Introduce your child to sleepaway camp gradually.
It’s probably no surprise that successful sleepaway camp summers begin with successful day camp summers. Day camps provide younger children with the opportunity to experience everything camp has to offer while still allowing them the comfort of sleeping at home at night. It’s no surprise, therefore, that a lot of parents choose to gradually prepare their children for sleepaway camp by first sending them to day camp. Although day camp is not a prerequisite, by any means, for sleepaway camp, if your child is still young enough to reap the benefits of day camp prior to his or her first summer at sleepaway camp, now is a good time to enroll. Likewise, let your child’s maturity level, not his or her age, serve as your guide for determining when he or she is ready for sleepaway camp. Some children are ready for sleepaway camp at 7 or 8 years old. Others may need another year or two. It really depends on the individual child. It is important, regardless of at what age you feel your child is ready, that you do not send him or her to sleepaway camp before he or she is ready.
Set goals for the summer.
Arriving at camp with goals in mind helps children adapt more quickly to the camp environment and remain focused throughout the summer. Goals also serve as a touchstone on those days when campers need a bit of extra encouragement and provide a level of measure for progress between arrival and departure days. As well, they are the perfect conversation or letter starter for phone calls and letters and can ultimately help your child relate a sense of accomplishment to his or her summer camp experience.
Send your child to camp with an open mind and an open attitude.
Try not to focus too heavily on specific experiences or expectations. While it’s good to have goals, it’s equally beneficial not to focus too heavily on one area of camp as the measure of a successful summer. Encourage your children to try new things at camp. Emphasize the possibilities of the coming summer rather than the shortcomings of the previous one. Remind your children that often the best camp moments are the ones that aren’t anticipated.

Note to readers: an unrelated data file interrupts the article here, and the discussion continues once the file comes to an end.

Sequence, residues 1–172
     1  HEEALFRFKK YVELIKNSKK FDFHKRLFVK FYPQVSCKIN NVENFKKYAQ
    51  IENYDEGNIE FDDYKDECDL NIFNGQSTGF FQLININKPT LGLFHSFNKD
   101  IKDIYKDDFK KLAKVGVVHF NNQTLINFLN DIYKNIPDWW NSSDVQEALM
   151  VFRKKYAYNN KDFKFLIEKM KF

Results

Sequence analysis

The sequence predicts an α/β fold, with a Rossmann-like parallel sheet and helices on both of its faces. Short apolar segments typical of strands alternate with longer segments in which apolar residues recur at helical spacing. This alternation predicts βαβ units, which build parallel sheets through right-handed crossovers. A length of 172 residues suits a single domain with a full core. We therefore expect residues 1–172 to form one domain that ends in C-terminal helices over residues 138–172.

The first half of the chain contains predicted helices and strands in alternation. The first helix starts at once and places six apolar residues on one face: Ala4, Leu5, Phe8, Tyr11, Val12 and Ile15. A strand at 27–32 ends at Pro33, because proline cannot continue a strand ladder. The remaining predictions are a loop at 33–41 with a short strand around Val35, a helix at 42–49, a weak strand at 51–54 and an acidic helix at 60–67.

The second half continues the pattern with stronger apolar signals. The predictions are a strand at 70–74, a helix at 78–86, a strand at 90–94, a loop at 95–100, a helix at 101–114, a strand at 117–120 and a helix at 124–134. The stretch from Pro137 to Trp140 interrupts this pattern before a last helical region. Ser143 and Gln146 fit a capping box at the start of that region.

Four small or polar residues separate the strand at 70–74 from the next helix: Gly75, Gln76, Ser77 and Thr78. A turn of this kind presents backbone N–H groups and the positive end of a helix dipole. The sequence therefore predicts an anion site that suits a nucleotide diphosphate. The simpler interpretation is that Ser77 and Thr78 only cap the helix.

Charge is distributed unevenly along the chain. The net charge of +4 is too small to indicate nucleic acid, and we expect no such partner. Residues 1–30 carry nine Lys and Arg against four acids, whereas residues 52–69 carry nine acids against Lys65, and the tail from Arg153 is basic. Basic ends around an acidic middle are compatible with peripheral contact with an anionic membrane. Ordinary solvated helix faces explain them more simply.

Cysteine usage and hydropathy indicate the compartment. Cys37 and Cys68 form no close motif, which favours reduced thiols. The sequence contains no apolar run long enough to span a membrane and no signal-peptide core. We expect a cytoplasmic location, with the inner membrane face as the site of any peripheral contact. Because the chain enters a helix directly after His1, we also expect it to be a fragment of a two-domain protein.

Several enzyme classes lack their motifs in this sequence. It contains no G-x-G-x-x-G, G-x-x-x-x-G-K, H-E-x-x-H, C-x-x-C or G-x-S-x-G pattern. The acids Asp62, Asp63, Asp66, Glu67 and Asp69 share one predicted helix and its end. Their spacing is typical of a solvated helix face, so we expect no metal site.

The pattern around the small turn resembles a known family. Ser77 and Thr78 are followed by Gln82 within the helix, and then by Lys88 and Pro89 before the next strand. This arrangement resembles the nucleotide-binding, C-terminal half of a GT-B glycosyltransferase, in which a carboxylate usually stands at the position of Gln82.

Most view packing as a chore to be completed as quickly and painlessly as possible. But success at camp begins with being properly prepare and being properly prepared means being properly packed. Packing, therefore, is not a task to take lightly. Review your camp’s packing list and make sure your child has the recommended amount of each item. Pack for comfort and fun. Your children will engage in activities from early in the morning until late at night each day. Their clothes will get dirty. It’s important that what makes it into your children’s camp bags allows them freedom of comfort through movement in a variety of sports and other activities while leaving you room to review photos of paint stains, ice cream stains, slushie stains, icing stains, dirt stains, wax stains, marker stains, water stains, and just about anything else you can think of stains without cringing or having nightmares about the cleaning bill. And don’t forget to pack “evening attire” (aka fun stuff). Camp doesn’t end after dinner. Every night brings new and exciting special events and evening activities, pretty much all which promote the silly, whacky, crazy, outrageous, and fabulous. Aside from clothing, sturdy age and size appropriate sporting equipment is also key to your campers’ usurping the most of their camping experience.
Emphasize the importance of a healthy lifestyle and proper nutrition.